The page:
|I think comparison with racism and discrimination is quite proper.
Not at all. One is heritage and the other is behavior. The two are completely unrelated. Efforts to compare the struggle against racial discrimination with the agenda of any group that is defined by a behavior are both laughable and appalling.
And where were school vouchers mentioned? Not once, not even a reference or an inuendo. Again, make up something than slam the school for what you've manufactured.
Equality of treatment? What an odd argument. The school establishes what penalties go with which infractions, not you. If they don't consider a drug issue the same moral magnitude as promoting homosexuality that is their decision, they are well withing their rights to do so.
The rest seems to be double speak and makes no sense at all.
|Maybe my understanding of "Christian" and "moral" differs from others...
And you previously claimed it was "immoral". So let me understand this, you are in such a superior position that you are entitled to tell the school what is or is not moral and appropriate, but the school is not entitled to make a judgement based on their beliefs. Are you now officially the morality police? Who are you to try and establish moral standards for someone else, particularly an entire congregation that runs a school system?
|I find it totally wrong, i.e., "immoral", for the school to have informed the guy's parents, since he has reached his majority. I also question whether it was legal.
Yes, his parents put him there, which means the contract the school had was with his parents, not him. And this makes the school well within it's rights for reporting the infraction to the parents since this is their grounds for breaking that contract (and such contracts generally DO have a morality clause.) As I mentioned before, this is also like public high schools which have an established (and legally upheld) right to report grades and behavior problems of 18 year old students directly to the parent. It may be different in Germany, but that's the standard for high schools in most of the US. And when our friends' son had to go an extra year to finish high school the school still reported his grades and progress reports directly to the parents, as required by the school system, and he was 19 when he finished!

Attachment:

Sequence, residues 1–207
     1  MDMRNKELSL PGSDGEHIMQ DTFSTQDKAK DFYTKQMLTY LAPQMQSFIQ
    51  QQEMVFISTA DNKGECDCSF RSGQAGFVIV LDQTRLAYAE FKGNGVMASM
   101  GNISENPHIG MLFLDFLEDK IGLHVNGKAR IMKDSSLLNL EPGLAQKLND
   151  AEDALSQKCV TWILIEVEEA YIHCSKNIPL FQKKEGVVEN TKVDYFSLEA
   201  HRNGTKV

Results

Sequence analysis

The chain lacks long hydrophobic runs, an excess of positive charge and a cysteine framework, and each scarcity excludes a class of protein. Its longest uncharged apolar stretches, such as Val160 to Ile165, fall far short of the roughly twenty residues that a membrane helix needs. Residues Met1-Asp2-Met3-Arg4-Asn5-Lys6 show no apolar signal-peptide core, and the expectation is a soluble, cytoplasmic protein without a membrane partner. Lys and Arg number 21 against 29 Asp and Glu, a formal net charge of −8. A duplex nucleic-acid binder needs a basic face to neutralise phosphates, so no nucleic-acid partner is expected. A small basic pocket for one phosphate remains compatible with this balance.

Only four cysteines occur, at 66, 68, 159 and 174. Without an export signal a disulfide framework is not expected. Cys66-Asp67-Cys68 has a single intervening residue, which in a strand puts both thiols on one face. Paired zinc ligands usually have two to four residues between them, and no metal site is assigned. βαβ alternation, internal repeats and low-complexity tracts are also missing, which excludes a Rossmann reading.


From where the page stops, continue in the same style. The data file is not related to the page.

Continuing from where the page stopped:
I find it remarkably distasteful that the first reaction is so often "sue them"! We already have a bloated, over used, legal system which sticks it nose in everywhere a buck might be taken from someone. In this report (granted - from a newspaper, and newspapers are not known to be the most reliable sources) there is no mention of any effort to appeal to the school's board or governing body or attempt another solution. All is said was there was no appeal to the "honor council" (is that a student council?)
Whether you agree with the decision or not, the school is within it's legal rights to expel this student based on their standards. They were also within their rights to contact his parents and tell them why he was being expelled. I still find it rather amazing that the people that are the most vocal about how others shouldn't inflict themselves on their views tend to be the loudest when it comes to condemning a view that doesn't agree with their own.